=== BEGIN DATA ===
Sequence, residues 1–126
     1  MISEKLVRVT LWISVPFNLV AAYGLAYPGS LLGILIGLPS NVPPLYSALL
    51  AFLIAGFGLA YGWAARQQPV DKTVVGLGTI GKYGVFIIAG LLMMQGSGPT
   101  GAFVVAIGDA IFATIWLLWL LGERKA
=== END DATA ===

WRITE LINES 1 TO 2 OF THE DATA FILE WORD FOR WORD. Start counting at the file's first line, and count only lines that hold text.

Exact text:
Sequence, residues 1–126
     1  MISEKLVRVT LWISVPFNLV AAYGLAYPGS LLGILIGLPS NVPPLYSALL